Morty is just waiting for clothes. Joanne Pease, an 85-year-old volunteer from Laguna Niguel, is making the robot a cowboy outfit (she’s finished the chaps and got him a hat already) and Ladine’s grandson is putting together an English butler’s uniform.
The robot speaks in a voice that sounds curiously similar to Pease’s 90-year-old husband, Norman, another volunteer who admits that he comes to play as much as help. Ladine said he’s also found a Scotsman who lives at Atria who he’s hoping will loan his voice for Morty’s English alter ego.
“Rumor has it, they are creating a companion for me,” Morty — still naked for now — says.
It’s true: A female robot, tentatively named Myrtle, is on the drawing board. According to the plans, she will be easier to build but much more intelligent than her male counterpart. (Ladine said the ladies love it when he tells them that.)
The first iteration of the Man Cave was a darker, more cramped space than the current one. Driven by a need to tinker, Ladine turned his closet into a miniature workshop, a conversion that was discovered when he asked if there were any extra cupboards to store his belongings.
Staffers found him a smaller room, but the quarters turned out to be too tight due to the fumes from so much glue. (“All the smells, the ladies didn’t care for,” Ladine said.)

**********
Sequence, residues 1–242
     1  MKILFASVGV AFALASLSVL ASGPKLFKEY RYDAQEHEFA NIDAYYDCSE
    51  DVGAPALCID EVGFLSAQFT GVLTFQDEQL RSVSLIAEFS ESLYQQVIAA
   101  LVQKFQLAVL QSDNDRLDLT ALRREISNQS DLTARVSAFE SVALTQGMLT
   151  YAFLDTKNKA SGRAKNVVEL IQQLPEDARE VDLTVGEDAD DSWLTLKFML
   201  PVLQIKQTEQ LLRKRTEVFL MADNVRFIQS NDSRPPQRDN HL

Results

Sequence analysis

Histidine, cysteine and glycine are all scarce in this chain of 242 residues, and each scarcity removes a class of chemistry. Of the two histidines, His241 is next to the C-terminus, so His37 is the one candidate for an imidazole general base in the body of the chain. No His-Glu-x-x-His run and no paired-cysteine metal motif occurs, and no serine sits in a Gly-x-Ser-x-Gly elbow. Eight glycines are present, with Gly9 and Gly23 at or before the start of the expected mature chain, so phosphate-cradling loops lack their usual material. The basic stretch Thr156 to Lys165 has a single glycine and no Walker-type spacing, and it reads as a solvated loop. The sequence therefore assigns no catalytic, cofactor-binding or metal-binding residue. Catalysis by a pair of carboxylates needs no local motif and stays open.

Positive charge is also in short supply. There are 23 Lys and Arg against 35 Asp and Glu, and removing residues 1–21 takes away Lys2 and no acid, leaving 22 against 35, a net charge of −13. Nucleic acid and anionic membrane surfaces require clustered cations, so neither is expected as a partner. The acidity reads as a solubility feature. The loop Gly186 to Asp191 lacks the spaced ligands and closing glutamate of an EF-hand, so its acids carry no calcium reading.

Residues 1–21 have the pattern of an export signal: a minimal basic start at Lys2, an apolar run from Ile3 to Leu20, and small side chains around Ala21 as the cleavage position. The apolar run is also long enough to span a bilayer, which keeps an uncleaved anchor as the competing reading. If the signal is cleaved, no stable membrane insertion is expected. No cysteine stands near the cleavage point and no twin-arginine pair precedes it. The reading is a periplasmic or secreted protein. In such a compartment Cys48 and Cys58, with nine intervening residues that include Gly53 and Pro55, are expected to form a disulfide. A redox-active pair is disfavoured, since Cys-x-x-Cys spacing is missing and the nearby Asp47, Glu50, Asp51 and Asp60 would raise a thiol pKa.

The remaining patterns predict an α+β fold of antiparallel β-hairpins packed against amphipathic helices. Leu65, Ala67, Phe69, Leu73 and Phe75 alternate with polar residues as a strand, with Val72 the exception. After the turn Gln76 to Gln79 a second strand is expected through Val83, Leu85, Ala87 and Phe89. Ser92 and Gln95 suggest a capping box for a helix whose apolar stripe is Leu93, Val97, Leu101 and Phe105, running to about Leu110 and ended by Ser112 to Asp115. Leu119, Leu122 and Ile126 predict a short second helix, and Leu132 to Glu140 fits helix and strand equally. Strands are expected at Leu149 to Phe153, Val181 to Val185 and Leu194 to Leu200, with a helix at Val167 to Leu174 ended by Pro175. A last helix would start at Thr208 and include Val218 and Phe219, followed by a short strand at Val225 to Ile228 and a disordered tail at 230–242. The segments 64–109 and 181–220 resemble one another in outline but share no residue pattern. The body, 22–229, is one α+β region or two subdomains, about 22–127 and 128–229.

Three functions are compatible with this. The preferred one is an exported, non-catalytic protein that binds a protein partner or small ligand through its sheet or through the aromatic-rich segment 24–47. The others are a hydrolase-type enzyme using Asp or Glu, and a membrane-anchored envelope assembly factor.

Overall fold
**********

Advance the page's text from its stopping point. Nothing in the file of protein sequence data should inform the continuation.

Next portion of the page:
Finally, they pulled the pool table and leather sofas from a rarely used billiard room with good lighting and plenty of space. Now, even this latest Man Cave — the size of a den in a big house — is cramped.
Ladine, a widower, came to Atria with no plans of sticking around.
“I told my daughter, ‘I’m only staying one month,’ ” Ladine said. “I didn’t like it. I’m not all that social. That was 41/2 years ago.”
His friends in the cave say he has become the most popular man in the community, and Norman Pease said he has more influence than anyone, except for maybe the executive director.
The cave regulars tend to look up to Ladine with a sense of awe.
“You know darn well he can’t see any better than you can,” said Rodney Hoff, 89, who is legally blind and was grumbling because he lost a part for his ornithopter, a device that looks something like a mechanical butterfly. “He’s an inspiration to all of us fellas.”
Ladine brushes it aside.
“Many people don’t know me from Adam,” he said. “They come to see the robot.”
Quite frankly, he doesn’t care for attention. He’s simply content to have a place to work away on all that a modest stipend from Atria — plus lots of donations and a little out of their own pockets — can buy.
He comes in most mornings after taking B.J., his Shih Tzu, for a walk. There are the times he leaves early for lunch with family or a birthday party for one of the ladies. Most days, though, he continues tinkering in the cave long into the afternoon, until, like clockwork, B.J. nudges him, letting him know it’s time for dinner.